Former Batsheva dancer offers classes at Princeton
Will also teach Gaga, which ‘connects to passion to move’
At 25, Omri Drumlevich has danced his way to a long artistic resume that includes five years of performing, creating choreography, and teaching with the Batsheva Dance Company in Israel.
As he puttered around the kitchen of his small Princeton apartment, preparing drinks and a nosh — before talking about his short gig teaching dance performance and choreography to Princeton University students — he revealed that Yom Kippur is his favorite Jewish holiday.
For the last few years, Yom Kippur has been for him a day of self-reflection rather than formal religious worship. It is that same inner focus that carries over to his love for Gaga, a movement language and technique developed by Batsheva’s artistic director, Ohad Naharin.
Drumlevich fell into dance “kind of by accident,” he said, although he admitted that he sought out every stage opportunity in his childhood home, Kibbutz Ramat Rachel near Jerusalem. At age 11, while dancing with his mother at a wedding, her friend told her she should have her son audition for a youth folk-dancing company. Turning to him, she asked, “Do you want to go?” and his quick response, “Sure, why not” — his first step into the world of dance.
This fall he is at Princeton University as part of the Israel Institute’s Visiting Israeli Artists Program, which places filmmakers, choreographers, musicians, writers, and visual artists in residencies at leading North American universities and cultural organizations. The aim of the program, Drumlevich said, “is to show that in Israel there is more than a conflict; there is a life, there is a whole world.”
Much of his teaching on campus will focus on Gaga, a movement language that starts from the body (not to be confused with the game by the same name that is an Israeli version of dodgeball). “We don’t have routines and get corrected; we learn about the elements of movement,” Drumlevich said.
Gaga requires a different way of thinking about the body that, he said, makes it “more elastic in terms of shape, form, interpretation, fantasy, and energy,” like taking “a chunk of clay and doing what you want with it.” For example, rather than thinking of the chest as a single, whole body part, he said, “We make the chest be made out of more pieces, so you can move inside your flesh.”
In a Gaga class, the instructor gives the improvising dancers a series of multilayered tasks and images. “The purpose is to connect people to their bodies and make them listen to their bodies. It is about connecting to your passion to move, connecting to your inner animal, your groove, your fantasy, passion.”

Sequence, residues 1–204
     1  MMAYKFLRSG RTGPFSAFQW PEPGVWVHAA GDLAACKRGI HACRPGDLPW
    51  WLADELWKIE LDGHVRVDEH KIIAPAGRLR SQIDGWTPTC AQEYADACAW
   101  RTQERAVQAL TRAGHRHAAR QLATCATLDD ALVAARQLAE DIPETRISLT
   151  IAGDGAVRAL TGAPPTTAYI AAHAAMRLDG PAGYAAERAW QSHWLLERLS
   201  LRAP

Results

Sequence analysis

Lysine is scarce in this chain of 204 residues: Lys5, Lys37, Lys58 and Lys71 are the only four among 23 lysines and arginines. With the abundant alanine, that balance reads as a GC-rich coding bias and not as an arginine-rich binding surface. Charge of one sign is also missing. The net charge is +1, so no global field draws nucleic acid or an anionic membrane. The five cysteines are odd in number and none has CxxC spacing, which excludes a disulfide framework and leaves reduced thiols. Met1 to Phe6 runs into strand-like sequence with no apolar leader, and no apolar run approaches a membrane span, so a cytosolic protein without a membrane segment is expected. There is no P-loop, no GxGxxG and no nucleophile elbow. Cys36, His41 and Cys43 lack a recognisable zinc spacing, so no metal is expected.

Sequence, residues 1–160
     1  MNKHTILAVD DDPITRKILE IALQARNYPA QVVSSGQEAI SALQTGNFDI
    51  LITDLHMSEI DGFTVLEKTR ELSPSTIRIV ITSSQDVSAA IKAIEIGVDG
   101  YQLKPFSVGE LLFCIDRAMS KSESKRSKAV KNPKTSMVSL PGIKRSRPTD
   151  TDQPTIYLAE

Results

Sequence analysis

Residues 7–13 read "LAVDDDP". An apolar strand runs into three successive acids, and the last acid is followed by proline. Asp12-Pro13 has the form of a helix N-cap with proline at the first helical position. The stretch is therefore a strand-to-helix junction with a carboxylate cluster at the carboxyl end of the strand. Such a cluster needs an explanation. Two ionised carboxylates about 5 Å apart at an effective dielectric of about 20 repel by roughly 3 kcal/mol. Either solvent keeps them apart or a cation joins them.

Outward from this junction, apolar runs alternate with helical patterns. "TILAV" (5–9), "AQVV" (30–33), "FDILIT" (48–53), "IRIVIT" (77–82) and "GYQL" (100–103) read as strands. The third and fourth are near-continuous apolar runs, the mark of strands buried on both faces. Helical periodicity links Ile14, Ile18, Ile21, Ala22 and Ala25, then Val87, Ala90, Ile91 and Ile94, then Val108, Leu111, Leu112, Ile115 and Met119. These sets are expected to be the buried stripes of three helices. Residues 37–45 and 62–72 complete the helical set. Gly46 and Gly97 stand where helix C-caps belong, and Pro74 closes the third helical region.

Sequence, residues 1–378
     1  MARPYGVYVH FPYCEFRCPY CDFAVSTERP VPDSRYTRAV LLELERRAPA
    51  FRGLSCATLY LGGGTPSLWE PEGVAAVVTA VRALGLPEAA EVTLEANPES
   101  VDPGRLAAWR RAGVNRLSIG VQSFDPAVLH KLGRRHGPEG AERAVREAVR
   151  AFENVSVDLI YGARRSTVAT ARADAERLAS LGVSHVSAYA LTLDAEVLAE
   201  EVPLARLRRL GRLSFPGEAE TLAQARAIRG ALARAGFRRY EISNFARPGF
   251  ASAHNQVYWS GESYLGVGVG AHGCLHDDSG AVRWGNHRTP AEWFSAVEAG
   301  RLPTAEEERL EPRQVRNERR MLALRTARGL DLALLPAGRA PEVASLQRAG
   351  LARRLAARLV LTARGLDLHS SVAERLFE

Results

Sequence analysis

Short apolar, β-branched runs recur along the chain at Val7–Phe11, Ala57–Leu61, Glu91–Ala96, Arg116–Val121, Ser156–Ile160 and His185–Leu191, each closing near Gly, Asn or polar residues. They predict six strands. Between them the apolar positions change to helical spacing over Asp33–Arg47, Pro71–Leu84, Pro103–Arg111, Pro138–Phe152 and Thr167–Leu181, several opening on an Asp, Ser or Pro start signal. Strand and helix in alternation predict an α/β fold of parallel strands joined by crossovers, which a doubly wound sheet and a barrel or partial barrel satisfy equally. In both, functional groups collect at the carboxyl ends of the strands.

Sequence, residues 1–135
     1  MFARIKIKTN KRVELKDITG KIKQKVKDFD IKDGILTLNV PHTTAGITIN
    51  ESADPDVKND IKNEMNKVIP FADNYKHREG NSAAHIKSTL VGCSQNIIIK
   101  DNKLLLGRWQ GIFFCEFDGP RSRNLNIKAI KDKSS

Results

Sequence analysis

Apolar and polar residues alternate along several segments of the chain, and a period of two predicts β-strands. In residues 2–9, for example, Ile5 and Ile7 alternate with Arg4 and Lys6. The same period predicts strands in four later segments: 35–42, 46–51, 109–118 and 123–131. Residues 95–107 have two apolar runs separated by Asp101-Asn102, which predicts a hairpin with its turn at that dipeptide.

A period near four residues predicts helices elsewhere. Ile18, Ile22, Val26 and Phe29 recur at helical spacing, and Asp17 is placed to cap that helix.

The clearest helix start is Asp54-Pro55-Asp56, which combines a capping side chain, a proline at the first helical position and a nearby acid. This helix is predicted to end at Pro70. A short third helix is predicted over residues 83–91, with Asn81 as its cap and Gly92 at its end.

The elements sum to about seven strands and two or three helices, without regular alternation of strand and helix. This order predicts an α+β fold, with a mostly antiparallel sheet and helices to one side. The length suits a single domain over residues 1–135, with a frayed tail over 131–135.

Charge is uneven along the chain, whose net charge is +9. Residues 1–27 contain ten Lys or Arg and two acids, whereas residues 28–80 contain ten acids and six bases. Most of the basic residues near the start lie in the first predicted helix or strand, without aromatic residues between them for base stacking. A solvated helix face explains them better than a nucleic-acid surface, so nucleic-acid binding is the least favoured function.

Gaga, he added, “is never about a performance or showing it to someone; it is more of a research of yourself through your body.” He added that observers are not allowed at a Gaga class.
“Gaga is also very meditative. It is more than a practical workout; it affects you emotionally and mentally,” said Drumlevich. “It is a combination of going to the gym, to a party, to your therapist, sitting by yourself and meditating, drawing, and listening to music.”
Drumlevich’s father is a sabra whose European parents were Holocaust survivors; his mother, who was born in Morocco, came to Israel at age 2.
Drumlevich described his childhood as “magical” and “amazing.” On a kibbutz, he said, “you get to experience a micro-version of a world; it’s all within the borders of the kibbutz so it is easier to absorb and to learn from.”
Although he was accepted to the main company of the folk dance troupe, his inexperience and long, skinny body made him different from the other dancers. He didn’t quite fit in, he said, but “I didn’t care because I really fell in love with it. I was so happy, I would come home and dance at home till the middle of the night.”
Two months later, when the troupe was performing at the Jerusalem Academy of Music and Dance, Drumlevich had an “Aha!” moment, saying to himself: “This is where I’m going to study,” and even though the likelihood of admission was low, he was accepted into the prestigious school.
He joined a Batsheva program for high school students, then moved to the ensemble, and in 2012 to the Batsheva Dance Company.
For his army service, he was accepted as an “outstanding dancer,” requiring him to work six hours a day for the army, devoting the rest of his time to his career. Seeing this as “a compromise on both ends,” he still felt he could make a meaningful contribution to the IDF.
Drumlevich left Batsheva in January to focus more on his own creations and learning, including preproduction work on a surrealistic feature film he wrote and directed; personal writing; and creating a work for the stage that combines dance and performance.
Perhaps it was his immersion in Gaga that encouraged him to take a break from professional dance and develop his own creative talents. “Gaga is about breaking a lot of boxes, thinking outside the box,” he said. “It is about finding out what is hidden that you didn’t unlock it yet and finding a way to unlock it consistently.”
The Lewis Center for the Arts’ Program in Dance at Princeton University presents its annual dance festival Dec. 1-3. Students will perform works by professional choreographers, including Omri Drumlevich. $17; $12 in advance, $8 students. Performances take place at Berlind Theatre at McCarter Theater Center, Princeton.